Today is Israel’s Memorial Day, Yom HaZikaron. As we remember the soldiers who have fallen in battle and others who have lost their lives to terror, we wanted to share with you this reflection from our friends at The Council for Peace and Security. As veteran leaders of Israel’s security establishment, they are focused on what Israel can and must do to secure a bright future as a Jewish and democratic state.

The Council for Peace and Security sends its blessings for the 68th anniversary of the State of Israel to the citizens of Israel, to the IDF and to all our security forces, who protect our country and give it its power. We also send our blessings to the Jewish people in Israel and around the world, for whom Israel was established as the national home.

The week prior to our independence day, which begins with the holocaust memorial day, continues with a memorial day to all those who died in Israel’s wars and ends with a celebration of our independence, might be the most Jewish and Zionist week of the year.

During this week and these days, we are required to examine the meaning of our independence and the independence of the Jewish people in their land in the light of the Zionist vision. We can be filled with pride over all that we have accomplished — the establishment of a defense force that ensures Israel’s unquestionable security might, the absorption of immigrants during the first years of the country and thereafter, the establishment of an economic infrastructure which puts us at the forefront of developed countries, the establishment of a magnificent educational system, the establishment of a public health system that serves all of our residents, and above all, the laying of the foundations of a Jewish and democratic state that promise “full social and political equality to its citizens with disregard to their religion, race or sex” as mentioned in our scroll of independence.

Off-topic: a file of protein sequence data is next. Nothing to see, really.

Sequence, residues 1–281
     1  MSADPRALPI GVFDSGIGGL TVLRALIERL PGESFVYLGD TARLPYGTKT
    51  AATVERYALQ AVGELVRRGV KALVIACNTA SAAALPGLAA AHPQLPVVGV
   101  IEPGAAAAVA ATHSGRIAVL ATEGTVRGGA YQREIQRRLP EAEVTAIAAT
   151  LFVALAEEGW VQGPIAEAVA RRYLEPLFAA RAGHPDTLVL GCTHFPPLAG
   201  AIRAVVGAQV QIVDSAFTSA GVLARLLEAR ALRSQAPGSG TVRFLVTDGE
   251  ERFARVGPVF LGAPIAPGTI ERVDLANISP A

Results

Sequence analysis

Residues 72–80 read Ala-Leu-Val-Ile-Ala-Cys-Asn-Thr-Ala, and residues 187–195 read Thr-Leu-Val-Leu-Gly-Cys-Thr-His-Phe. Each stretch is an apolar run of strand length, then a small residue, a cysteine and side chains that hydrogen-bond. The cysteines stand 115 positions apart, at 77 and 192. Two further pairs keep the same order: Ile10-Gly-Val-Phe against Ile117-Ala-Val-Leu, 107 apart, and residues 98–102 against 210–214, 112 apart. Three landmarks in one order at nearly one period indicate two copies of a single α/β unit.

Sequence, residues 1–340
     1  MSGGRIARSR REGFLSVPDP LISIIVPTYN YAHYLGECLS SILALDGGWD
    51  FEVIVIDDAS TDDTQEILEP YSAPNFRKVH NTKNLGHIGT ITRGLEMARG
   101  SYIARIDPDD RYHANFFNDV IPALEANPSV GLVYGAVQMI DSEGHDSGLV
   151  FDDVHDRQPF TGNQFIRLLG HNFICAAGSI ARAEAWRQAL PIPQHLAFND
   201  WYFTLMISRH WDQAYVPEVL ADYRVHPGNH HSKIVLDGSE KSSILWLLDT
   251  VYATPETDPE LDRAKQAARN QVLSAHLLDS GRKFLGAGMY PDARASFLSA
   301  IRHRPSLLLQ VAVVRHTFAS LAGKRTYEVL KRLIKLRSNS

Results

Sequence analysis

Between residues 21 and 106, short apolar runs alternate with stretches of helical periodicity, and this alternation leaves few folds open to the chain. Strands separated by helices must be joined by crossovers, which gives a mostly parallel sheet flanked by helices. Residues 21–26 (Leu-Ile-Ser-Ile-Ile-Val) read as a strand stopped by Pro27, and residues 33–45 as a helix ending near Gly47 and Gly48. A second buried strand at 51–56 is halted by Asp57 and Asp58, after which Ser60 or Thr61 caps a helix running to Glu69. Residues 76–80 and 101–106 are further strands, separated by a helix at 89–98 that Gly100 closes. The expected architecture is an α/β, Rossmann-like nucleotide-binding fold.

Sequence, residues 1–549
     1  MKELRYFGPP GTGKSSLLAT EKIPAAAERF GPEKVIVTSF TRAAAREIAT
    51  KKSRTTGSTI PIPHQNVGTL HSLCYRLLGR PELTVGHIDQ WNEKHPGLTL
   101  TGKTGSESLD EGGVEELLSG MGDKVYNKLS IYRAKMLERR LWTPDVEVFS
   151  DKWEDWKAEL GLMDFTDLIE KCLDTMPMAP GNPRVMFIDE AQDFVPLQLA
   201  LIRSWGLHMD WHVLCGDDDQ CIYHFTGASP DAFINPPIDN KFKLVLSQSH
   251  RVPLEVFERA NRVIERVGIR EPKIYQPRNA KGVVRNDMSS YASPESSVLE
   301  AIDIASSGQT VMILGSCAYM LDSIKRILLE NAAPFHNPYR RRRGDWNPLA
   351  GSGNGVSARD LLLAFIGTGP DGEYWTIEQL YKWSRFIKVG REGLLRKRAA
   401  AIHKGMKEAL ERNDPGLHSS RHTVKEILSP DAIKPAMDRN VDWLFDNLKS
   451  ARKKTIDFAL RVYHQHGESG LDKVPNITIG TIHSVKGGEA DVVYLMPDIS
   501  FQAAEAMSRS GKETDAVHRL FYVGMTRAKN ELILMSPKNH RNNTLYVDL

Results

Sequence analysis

When it comes to the meaning of our independence we must ask ourselves: Are these mighty accomplishments guaranteed to last? Will we be able to celebrate them on the next independence day and the one after that? What about in the next few years and in the next generations?

When we look at ourselves in the mirror, as a society and as a state, many of us fear that our independence is not guaranteed for years to come and for the generations ahead. The dangers we face are from within — threats that our military might wasn’t designed to deal with. The long-standing stagnation in the political process with the Palestinians jeopardizes Israel’s existence as the national home of the Jewish people and erodes the country’s moral and democratic fiber.

The Deputy Chief of Staff of the IDF vividly expressed these concerns in the end of his speech in a national Holocaust Memorial ceremony: “What is the purpose of us coming back to our land? What should be considered sacred and what shouldn’t? What ideals should we hold up? And mostly — how must we proceed to fulfill our destiny as a light of all nations and as an exemplary society?”

To ensure our independence for generations to come, we must hold true to the vision that established the State of Israel as the national home for the Jewish people and we must protect it with the full might of our security forces.

That being said, we must also work to ensure our democratic character.

The two are entangled — setting our final borders, separate from the Palestinians, will ensure our Jewish and democratic character. These borders will also determine the core values in the heart of our nationality, as well as our moral values.

Happy holiday and may Israel’s independence live forever!

Brig. General (res.) Gadi Zohar, Chairman
Lt. Colonel (res.) Aviv Feigel, CEO

The Council for Peace and Security